Xylitol Gum and the "Duck Test"

You’ve probably heard of the “duck test”. You know… if something looks like a duck, swims like a duck and quacks like a duck… you can assume that it’s probably a duck.

Unfortunately the “duck test” doesn’t apply when it comes to Xylitol gums. Gums may look alike, taste alike and claim the same great benefits, but not all should be called “xylitol” gums and not all are equally good for your oral health.

With creative packaging, marketing and buzz words; gum manufacturers lead us to believe that just because xylitol is listed as an ingredient, you are getting the same cavity preventing benefits as gums made with 100% xylitol as the sweetener. That’s simply not true! In fact, the big gum manufacturers began using Xylitol for the “cooling mouth feel” of their products and had little thought for health. But since the buzzword “Xylitol” has become a popular health ingredient, they’ve jumped on board-still, the amounts of xylitol used in their products is non-effective for dental health.

When choosing a xylitol gum there are a few things you’ll want to consider to be sure you are getting a xylitol gum that will give you the maximum dental health benefits.

Here are a few things to keep in mind.

  • The product must contain a high concentration of xylitol (since you need to get about 6 grams per day). Read the ingredients listed on the package and if xylitol is the first ingredient, then there’s probably enough of it to be effective.
  • Does the product contain 100% xylitol as a sweetener or does it contain other sweeteners with xylitol being only one of them.
  • Are the other ingredients natural, artificial or chemical? Like colors, flavors, preservatives or stabilizers?

To give you an example of what to look for; use the tips above when comparing these two gums.

A popular name brand gum with Xylitol

Xylitol Content:.17 grams per piece

Ingredients: Sorbitol, Maltitol, Gum Base, Mannitol, ( listed before xylitol) Xylitol, Natural and Artificial Flavoring, Less than 2% of: Acacia, Acesulfame Potassium, ( artificial sweetener) BHT for freshness (shown to be linked to cancer, developmental toxicity, allergies, neurotoxicity, endocrine disruption, biochemical or cellular level changes.) Blue 1 Lake, (artificial color made from petrochemicals sourced from the colorless runoff of crude oil mixed with nitrates and sulfuric acid.) Candelilla Wax, Glycerin, Soy Lecithin, Sucralose, (artificial sweetener) Titanium Dioxide, Yellow 5 Lake ( artificial color made from petrochemicals sourced from the colorless runoff of crude oil mixed with nitrates and sulfuric acid.)

Spry Gum

Xylitol Content:.72 grams per piece

Ingredients: Xylitol, gum base, natural flavor (peppermint oil), vegetable glycerin, gum arabic, soy lecithin, beeswax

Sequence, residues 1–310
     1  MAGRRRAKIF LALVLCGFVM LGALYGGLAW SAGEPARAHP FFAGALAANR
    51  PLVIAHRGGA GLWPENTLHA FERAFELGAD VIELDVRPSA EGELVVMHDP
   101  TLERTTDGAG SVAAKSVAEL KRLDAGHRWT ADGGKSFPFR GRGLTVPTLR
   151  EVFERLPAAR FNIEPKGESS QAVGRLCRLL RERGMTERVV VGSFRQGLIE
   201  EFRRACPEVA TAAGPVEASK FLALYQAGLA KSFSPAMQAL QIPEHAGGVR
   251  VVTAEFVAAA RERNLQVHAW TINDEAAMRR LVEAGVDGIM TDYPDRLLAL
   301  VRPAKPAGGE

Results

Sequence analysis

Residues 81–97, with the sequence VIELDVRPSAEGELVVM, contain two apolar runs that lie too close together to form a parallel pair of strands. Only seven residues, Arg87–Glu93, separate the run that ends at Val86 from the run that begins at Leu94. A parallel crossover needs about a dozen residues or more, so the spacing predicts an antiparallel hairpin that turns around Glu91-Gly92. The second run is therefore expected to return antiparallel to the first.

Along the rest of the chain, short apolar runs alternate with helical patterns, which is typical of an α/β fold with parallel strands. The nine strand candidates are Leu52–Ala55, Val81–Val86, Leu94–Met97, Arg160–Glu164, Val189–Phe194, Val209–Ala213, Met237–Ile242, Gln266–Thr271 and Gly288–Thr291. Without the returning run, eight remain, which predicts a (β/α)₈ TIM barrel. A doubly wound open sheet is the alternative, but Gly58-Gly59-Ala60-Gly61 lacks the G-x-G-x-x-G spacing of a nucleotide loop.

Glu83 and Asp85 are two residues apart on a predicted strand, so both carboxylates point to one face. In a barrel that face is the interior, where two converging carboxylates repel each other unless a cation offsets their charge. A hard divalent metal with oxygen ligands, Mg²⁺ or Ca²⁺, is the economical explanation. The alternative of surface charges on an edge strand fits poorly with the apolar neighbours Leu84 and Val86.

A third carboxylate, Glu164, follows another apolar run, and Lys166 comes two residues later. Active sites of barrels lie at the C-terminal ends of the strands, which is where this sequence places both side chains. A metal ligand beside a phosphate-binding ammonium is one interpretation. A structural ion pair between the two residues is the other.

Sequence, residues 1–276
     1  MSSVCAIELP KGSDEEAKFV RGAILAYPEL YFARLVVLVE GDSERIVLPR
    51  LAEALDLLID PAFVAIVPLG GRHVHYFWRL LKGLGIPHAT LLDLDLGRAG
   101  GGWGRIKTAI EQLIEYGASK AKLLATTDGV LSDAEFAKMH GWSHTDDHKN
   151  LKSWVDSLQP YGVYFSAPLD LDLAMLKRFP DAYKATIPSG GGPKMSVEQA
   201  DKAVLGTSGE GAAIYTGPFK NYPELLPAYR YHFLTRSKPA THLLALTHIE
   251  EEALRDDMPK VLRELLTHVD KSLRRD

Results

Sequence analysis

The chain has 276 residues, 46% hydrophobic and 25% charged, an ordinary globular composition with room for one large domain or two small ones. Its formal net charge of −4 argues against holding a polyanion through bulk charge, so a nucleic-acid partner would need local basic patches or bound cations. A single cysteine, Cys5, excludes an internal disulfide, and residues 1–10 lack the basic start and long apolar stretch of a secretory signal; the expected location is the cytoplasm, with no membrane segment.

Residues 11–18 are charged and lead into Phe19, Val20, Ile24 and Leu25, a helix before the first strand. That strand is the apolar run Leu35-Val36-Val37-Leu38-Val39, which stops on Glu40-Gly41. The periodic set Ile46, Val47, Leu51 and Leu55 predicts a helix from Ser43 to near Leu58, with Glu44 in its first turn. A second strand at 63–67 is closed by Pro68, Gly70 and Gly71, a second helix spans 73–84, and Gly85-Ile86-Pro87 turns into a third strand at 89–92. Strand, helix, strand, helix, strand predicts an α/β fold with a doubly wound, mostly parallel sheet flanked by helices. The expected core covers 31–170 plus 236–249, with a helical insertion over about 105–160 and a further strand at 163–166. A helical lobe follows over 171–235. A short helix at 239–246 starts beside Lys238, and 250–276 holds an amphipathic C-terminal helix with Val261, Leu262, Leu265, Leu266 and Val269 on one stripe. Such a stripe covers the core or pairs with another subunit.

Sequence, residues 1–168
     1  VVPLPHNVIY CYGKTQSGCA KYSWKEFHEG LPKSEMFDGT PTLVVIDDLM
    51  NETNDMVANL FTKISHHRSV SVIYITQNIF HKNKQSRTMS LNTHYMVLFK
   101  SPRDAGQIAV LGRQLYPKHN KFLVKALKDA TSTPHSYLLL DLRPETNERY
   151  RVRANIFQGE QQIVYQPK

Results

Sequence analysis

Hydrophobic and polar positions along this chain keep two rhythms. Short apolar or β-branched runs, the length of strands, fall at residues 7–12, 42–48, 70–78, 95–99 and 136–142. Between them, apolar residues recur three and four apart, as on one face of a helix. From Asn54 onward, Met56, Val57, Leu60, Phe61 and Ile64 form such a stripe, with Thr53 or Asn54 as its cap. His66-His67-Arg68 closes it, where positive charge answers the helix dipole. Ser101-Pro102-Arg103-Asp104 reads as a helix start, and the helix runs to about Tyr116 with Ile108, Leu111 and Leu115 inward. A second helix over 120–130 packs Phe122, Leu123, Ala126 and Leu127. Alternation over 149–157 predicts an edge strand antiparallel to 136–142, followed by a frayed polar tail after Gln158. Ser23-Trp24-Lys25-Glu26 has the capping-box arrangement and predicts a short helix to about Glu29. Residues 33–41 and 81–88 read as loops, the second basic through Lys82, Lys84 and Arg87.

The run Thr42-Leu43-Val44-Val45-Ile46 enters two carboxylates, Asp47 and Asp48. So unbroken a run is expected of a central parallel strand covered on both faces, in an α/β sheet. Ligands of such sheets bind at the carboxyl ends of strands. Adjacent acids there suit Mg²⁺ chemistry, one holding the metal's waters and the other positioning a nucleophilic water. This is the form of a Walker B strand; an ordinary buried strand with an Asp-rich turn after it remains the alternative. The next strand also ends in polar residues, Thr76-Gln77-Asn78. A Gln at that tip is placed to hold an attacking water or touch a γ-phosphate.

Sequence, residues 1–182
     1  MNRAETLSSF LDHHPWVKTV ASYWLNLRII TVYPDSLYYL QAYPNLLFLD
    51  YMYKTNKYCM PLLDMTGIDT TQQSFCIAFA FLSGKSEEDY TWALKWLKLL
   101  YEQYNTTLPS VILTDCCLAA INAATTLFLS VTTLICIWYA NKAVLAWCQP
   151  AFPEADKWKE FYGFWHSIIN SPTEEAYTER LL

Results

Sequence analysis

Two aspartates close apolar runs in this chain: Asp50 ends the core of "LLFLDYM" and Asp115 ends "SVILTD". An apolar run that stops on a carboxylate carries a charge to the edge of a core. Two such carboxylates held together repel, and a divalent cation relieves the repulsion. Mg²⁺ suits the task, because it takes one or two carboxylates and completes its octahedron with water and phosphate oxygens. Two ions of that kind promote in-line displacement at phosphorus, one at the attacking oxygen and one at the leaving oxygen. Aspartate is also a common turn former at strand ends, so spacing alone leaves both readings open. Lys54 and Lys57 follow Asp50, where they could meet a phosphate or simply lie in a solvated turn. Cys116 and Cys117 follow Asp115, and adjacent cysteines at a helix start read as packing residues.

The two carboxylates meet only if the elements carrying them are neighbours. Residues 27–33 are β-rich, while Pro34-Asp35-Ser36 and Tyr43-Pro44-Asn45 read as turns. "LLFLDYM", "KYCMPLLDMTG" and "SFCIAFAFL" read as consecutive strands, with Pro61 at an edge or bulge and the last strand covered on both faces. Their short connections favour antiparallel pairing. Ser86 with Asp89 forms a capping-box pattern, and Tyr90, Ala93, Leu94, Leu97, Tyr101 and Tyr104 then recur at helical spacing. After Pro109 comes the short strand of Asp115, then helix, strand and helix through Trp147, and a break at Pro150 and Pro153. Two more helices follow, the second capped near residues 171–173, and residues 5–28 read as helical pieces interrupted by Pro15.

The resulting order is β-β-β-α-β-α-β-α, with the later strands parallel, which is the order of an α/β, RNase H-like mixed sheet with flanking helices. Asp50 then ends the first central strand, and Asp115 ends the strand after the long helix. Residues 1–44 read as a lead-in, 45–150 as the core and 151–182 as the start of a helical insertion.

As you can see with the name brand gum, Xylitol is listed as the 5th ingredient with only.17 grams per piece compared to the Spry gum which lists xylitol as the first ingredient with.72 grams per piece. You would need to eat 24 sticks! of the name brand gum per day to get the same amount of Xylitol as the 6 pieces of Spry gum.

In addition, the name brand gum uses a variety of sweeteners; some sugar alcohols and some artificial sweeteners like sucralose and Acesulfame Potassium, while Spry gum only uses 100% xylitol. (Xylitol – a sugar alcohol that is non-cariogenic, a low 13 on the glycemic index and only 3 calories per gram.)

And just as all xylitol gums are not created equal, conversely not all sugar alcohols are either. Generally, sugar alcohols like xylitol, isomalt, sorbitol, lactitol, erythritol, and mannitol all help prevent dental caries (decay) in varying degrees. Sorbitol, listed as the first ingredient in the name brand gum does not completely prevent decay. In fact, many of the sugar alcohols feed cavity-forming bacteria to some degree which causes acidic waste eating away at your enamel and causing tooth decay. Those sugar alcohols are considered to be a low-cariogenic sweetener rather than non-cariogenic-like xylitol. (Bacteria cannot feed on xylitol and cause decay)

In terms of cavity prevention, sorbitol is not a better choice than the regular use of xylitol-sweetened products. And blends of Sorbitol and Xylitol as well as the other sugar alcohols have been found to be less effective at preventing tooth decay than 100% xylitol-only products especially if you have low salivary flow.

And lastly, notice that the Spry gum contains a short list of all-natural ingredients compared to the name brand gum which uses a laundry list of artificial flavors, colors, preservatives and fillers.

Many manufacturers dilute the benefits of xylitol by using smaller, ineffective amounts, and adding cheaper less effective sweeteners. So be sure to look for chewing gums that are 100% xylitol sweetened with close to 1 gram per piece. About 6-10 grams a day is shown to be effective, and chewing 2 pieces of 100% xylitol sweetened gum 3 x a day after every meal for a minimum of 5 minutes will provide the maximum cavity-busting benefits you want.

So remember, when looking for a xylitol gum that will give you all the oral health benefits you and your family are looking for, don’t be sucked in by the hype or by lower priced products. Check to make sure that “xylitol” is the first ingredient; that its 100% xylitol sweetened and it has only natural ingredients. Only THEN, can you call it a DUCK!

Source by Brenda Wellington

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